Crimes Within the Court’s Jurisdiction

The key provisions of the Court can be found in Part 2 entitled “Jurisdiction, Admissibility and Applicable Law”. Contrary to popular perceptions, the Court is not just a war crimes court17 or even a Court which takes cognisance only of crimes committed in armed conflict. Article 5(1) of the Statute provides that it shall have jurisdiction over the following crimes:

  1. a. the crime of genocide;

  2. b. crimes against humanity;

  3. c. war crimes; and

  4. d. the crime of aggression.

(a) Genocide

The definition of genocide18 is taken from Article II of the Convention on the Prevention and Punishment of the Crime of Genocide19, viz. killing, causing serious bodily or mental harm etc. carried out with intent to

destroy, in whole or in part, a national, ethnical, racial or religious group as such. A list of modes of participation in genocide taken from Article III of the Convention, which was contained in the text of the draft Statute submitted by the Preparatory Committee to the Diplomatic Conference20, no longer appears. However, the various modes of participation would, with the exception of conspiracy, probably be covered by the general provisions dealing with individual criminal responsibility under the Statute21.

(b) Crimes Against Humanity

Article 7(1) provides that any one of the following 11 acts constitutes a crime against humanity if it is “committed as part of a widespread or systematic attack directed against any civilian population, with knowledge of the attack”:

  1. a. murder;

  2. b. extermination;

  3. c. enslavement;

  4. d. deportation or forcible transfer of population;

  5. e. imprisonment or other severe deprivation of physical liberty in violation of fundamental rules of international law;

  6. f. torture;

  7. g. rape, sexual slavery, enforced prostitution, forced pregnancy, enforced sterilisation or any other form of sexual violence of comparable gravity;

  8. h. persecution against any identifiable group or collectivity on political, racial, national, ethnic, cultural, religious, gender22 or other grounds that are universally recognised as impermissible under international law, in connection with any act referred to in this list of acts or any crime within the jurisdiction of the Court;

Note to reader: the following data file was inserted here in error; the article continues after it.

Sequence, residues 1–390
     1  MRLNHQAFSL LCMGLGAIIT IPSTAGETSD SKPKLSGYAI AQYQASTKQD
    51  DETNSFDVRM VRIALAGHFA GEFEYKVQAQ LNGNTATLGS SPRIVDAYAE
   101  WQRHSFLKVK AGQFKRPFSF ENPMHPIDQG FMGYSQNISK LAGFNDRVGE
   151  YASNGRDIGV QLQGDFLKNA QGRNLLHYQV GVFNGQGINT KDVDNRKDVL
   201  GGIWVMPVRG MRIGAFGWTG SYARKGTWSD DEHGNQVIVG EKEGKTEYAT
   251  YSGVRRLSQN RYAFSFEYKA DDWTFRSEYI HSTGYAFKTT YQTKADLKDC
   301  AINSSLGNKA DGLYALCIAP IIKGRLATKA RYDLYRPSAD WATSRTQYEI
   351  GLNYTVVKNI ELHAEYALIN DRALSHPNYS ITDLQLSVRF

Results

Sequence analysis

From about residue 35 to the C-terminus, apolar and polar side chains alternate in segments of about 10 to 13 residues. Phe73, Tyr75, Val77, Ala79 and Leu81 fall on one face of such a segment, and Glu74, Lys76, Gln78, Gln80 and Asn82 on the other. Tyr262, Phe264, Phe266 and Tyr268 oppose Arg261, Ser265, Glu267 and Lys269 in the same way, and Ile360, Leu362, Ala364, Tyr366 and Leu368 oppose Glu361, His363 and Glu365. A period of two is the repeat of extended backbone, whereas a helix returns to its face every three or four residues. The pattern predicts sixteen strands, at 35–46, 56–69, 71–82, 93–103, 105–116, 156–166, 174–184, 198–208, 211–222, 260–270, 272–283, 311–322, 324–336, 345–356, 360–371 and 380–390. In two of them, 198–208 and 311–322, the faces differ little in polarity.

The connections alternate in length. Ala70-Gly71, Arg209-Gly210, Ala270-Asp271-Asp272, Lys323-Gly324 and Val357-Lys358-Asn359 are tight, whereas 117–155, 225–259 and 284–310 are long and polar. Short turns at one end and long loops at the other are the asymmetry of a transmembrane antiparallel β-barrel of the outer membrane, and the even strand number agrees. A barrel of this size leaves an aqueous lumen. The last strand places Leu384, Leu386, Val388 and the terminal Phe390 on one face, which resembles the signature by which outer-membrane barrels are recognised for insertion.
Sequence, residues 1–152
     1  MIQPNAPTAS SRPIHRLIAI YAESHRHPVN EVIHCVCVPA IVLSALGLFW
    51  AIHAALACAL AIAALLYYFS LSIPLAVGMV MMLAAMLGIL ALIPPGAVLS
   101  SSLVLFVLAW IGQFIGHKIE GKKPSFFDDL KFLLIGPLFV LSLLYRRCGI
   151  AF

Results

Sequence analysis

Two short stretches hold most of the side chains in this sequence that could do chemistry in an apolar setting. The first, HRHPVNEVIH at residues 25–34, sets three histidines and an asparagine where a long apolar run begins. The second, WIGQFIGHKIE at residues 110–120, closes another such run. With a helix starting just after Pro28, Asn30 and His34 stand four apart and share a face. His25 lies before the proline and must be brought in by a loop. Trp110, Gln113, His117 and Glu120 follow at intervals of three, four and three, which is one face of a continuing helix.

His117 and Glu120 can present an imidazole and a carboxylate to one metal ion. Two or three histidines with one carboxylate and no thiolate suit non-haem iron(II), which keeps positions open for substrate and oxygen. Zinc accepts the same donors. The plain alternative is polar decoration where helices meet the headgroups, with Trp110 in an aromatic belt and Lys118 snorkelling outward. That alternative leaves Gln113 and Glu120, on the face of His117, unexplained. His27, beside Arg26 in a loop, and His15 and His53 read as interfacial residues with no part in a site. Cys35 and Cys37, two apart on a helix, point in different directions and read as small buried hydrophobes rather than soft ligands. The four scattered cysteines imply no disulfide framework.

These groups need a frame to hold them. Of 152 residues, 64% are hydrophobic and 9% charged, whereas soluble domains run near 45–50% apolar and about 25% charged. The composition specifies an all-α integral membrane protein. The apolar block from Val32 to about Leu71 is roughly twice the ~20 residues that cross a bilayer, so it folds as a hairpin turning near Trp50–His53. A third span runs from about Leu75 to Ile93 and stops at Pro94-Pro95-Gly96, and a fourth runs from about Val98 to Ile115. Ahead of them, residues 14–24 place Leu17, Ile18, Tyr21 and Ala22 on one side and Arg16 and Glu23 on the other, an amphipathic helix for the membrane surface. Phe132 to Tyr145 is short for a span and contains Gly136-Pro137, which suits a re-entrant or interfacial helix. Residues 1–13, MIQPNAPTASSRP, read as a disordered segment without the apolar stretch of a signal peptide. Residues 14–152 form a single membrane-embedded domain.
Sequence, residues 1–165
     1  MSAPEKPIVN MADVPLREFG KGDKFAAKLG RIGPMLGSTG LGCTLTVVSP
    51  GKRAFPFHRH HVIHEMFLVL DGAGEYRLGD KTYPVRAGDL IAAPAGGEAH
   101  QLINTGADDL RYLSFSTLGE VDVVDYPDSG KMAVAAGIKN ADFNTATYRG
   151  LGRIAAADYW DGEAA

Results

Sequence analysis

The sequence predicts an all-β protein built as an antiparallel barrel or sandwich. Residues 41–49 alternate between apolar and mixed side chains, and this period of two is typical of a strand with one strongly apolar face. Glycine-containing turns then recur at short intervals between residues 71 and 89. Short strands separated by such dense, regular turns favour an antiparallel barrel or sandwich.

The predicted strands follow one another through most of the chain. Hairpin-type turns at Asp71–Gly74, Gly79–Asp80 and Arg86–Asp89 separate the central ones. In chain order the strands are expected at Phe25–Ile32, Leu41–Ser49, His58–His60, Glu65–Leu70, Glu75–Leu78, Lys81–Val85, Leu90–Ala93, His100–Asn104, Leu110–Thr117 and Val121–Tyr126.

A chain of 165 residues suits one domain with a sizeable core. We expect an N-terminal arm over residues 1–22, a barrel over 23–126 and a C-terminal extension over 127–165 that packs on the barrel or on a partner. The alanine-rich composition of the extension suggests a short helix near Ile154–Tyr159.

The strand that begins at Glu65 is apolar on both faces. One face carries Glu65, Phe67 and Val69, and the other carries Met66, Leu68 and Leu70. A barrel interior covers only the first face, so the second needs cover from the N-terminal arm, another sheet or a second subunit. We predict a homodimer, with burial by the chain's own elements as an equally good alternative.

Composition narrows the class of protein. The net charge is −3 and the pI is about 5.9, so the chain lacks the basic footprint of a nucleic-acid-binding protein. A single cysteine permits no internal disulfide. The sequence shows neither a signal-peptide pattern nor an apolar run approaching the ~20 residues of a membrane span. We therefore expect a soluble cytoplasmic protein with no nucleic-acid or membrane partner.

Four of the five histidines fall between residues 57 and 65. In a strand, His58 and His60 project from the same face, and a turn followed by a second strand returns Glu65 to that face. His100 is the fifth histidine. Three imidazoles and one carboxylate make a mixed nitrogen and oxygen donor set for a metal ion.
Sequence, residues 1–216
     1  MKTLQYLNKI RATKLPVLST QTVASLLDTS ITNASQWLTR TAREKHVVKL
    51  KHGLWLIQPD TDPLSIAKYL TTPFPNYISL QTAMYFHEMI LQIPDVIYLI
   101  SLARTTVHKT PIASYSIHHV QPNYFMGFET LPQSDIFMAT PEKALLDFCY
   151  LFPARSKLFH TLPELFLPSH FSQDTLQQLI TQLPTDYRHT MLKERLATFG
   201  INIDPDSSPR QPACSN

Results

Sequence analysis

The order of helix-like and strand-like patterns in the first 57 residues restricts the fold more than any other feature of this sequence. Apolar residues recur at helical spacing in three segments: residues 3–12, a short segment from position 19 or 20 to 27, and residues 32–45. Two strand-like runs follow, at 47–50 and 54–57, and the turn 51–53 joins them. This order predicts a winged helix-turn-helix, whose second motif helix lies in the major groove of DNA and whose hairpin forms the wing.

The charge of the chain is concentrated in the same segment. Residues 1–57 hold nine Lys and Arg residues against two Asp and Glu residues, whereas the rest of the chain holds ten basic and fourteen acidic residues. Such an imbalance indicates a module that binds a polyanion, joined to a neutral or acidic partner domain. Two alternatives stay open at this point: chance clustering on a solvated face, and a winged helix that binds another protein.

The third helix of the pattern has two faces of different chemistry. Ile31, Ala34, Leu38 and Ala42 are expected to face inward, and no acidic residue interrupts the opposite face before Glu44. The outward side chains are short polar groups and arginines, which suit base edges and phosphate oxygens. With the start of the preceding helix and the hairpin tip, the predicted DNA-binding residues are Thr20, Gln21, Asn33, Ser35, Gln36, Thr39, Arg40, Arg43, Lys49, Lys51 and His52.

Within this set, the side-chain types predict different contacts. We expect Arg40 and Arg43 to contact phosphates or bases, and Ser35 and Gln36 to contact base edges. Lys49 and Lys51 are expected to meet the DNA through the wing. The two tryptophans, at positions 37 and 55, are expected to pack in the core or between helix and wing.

9. i. enforced disappearance of persons;

  10. j. the crime of apartheid; and

  11. k. other inhumane acts of a similar character intentionally causing great suffering or serious injury to body or to mental or physical health.

The Article 7(1) list is somewhat longer than that contained in Article 6(c) of the Nurnberg Tribunal’s Charter23. There is also no requirement that the acts must be committed in situations of armed conflict24, so the atrocities committed by the Pol Pot regime may, if they are repeated after the entry into force of the Statute for Cambodia25, be brought within the scope of crimes against humanity26.

The phrase “attack against any civilian population” is given a defined meaning27, viz. “a course of conduct involving the multiple commission of acts (which are listed in Article 7(1)) against any civilian population, pursuant to or in furtherance of a State or organisational policy to commit such attack”.

This definition resolves a dispute over whether the terms “widespread” and “systematic” should be conjunctive or disjunctive (as they now are in the Statute)28. The threshold of seriousness for the Court to have jurisdiction is based first on the existence of both the element of multiplicity (which is of a lower order than “widespread”) and the element of a policy (which is of a lower order than “systematic”) to commit the attack. The threshold is then met if the commission is, in addition, either widespread or systematic.

It is also interesting to note that the definition refers to the “multiple commission of acts” which are listed. There is therefore no need for there to be a multiplicity of any single one of the acts. It may suffice, for example, if isolated incidents of murder, rape, torture and enslavement were committed provided that these formed part of a systematic attack against the civilian population.

Eight of the 11 acts in the Article 7(1) list are given defined meanings29.

The definition of enslavement30 is taken from Article 1(1) of the 1926 Slavery Convention31 but expressly includes the exercise of powers attaching to the right of ownership over persons in the course of trafficking in them.

Torture has been given the definition32 contained in Article 1(1) of the 1984 Convention against Torture and Other Cruel, Inhuman or Degrading Treatment or Punishment33 except that the pain or suffering need not be inflicted by a “public official or other person acting in an official capacity”, i.e. acts of torture committed by private individuals fall within the definition.

The definition also contains the proviso in Article 1(1) that torture does not include “pain or suffering arising only from, inherent in or...